Cumberland Island (crs)

Image: CI1.jpg


Cumberland Island National Seashore

Accesses: 200


First inhabitants were indigenous peoples who settled there as early as 4,000 years ago.  Later inhabitants participated in the Savannah archaeological culture and spoke the Timucua language.  In the 17th century the island and the adjacent coast were controlled by the Tacatacuru chiefdom.

Spanish settlement: During the 16th and 17th centuries, Cumberland Island was part of the Mocama missionary province of Spanish Florida.  When the Spanish arrived in 1566, they named the island San Pedro.  They built a garrison and mission, San Pedro de Mocama, near the village of Tacatacuru.  Historical records indicate that until 1681, there were approximately 300 natives and several Spanish missionaries living on Cumberland Island.  In 1683, French pirates attacked Cumberland Island, looting and burning many of the buildings.  An attack in 1684 by the Spanish pirate Thomas Jingle led to the final abandonment of the island.

English settlement: English General James Oglethorpe arrived at the Georgia coast in 1733.  The name of Cumberland Island was given by a young Yamacraw named Toonahowi (the nephew of Chief Tomochichi who visited England with Oglethorpe.)  He suggested the island be named for William Augustus, the 13-year old Duke of Cumberland.  Oglethorpe established a hunting lodge called Dungeness, named after a headland in Kent, England.  Forts were built to defend English settlements to the north from the Spanish in Florida.  In the 1760s, the island was divided into royal grants but saw little activity.  When naturalist William Bartram visited the island in 1774, the island was mostly uninhabited.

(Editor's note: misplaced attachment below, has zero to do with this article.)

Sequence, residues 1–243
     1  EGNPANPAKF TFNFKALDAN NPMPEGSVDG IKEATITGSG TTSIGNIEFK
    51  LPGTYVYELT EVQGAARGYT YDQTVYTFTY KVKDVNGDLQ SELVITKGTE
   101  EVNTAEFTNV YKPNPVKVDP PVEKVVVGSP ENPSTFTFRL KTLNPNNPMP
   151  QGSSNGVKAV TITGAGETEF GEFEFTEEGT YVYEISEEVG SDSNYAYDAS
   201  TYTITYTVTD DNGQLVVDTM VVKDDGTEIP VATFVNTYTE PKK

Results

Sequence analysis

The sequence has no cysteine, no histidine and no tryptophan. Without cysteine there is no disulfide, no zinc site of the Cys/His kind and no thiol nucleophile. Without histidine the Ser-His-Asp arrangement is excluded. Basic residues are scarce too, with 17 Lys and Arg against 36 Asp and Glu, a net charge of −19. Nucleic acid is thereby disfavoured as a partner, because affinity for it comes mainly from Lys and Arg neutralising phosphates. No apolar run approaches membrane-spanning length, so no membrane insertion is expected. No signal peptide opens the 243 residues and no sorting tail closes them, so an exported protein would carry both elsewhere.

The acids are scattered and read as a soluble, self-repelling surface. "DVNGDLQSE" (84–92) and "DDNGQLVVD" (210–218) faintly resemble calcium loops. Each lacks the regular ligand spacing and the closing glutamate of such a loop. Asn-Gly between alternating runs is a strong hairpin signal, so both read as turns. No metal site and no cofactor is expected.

The plantation era: Revolutionary War hero Nathaniel Greene purchased land on the island in 1783 to harvest live oaks for ship building.  Greene died in 1786.  His wife, Catherine, remarried Phineas Miller ten years later, and they built a huge, four-story tabby mansion on top of an Indian shell mound.  She named it Dungeness after Oglethorpe's hunting lodge.  Dungeness was the site of many special social galas, where statesmen and military leaders enjoyed the Millers' hospitality.  The Millers became the first major planters on the Island.  They cultivated the valuable and labor-intensive crop of Sea Island cotton.  They held a total of 210 slaves to work the plantation.  Records show that in 1846, there were 36 white people and 400 enslaved people.  With the end of slavery after the Civil War and a changing economy, the plantation was not profitable.  Dungeness deteriorated and the family moved away.  Dungeness burned down in 1866.

The Carnegies: In the 1880s Thomas M. Carnegie, brother of steel magnate Andrew Carnegie, and his wife Lucy bought land on Cumberland for a winter retreat.  In 1884, they began building a mansion on the site of Dungeness, though Carnegie never lived to see its completion.  Lucy and their nine children continued to live on the island, naming their mansion Dungeness after that of Greene.  Today, the ruins of the mansion remain on the southern end of the island.  The Carnegie family owned 90% of the island.  Lucy Carnegie had additional estates built on the island for her children.

Reference/s: Wikipedia
 National Park Service

Identifier: 2072, Last Accessed: 2018-03-22 00:39:51


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Last Modified: Fri Jul 29 2016 09:10:20.



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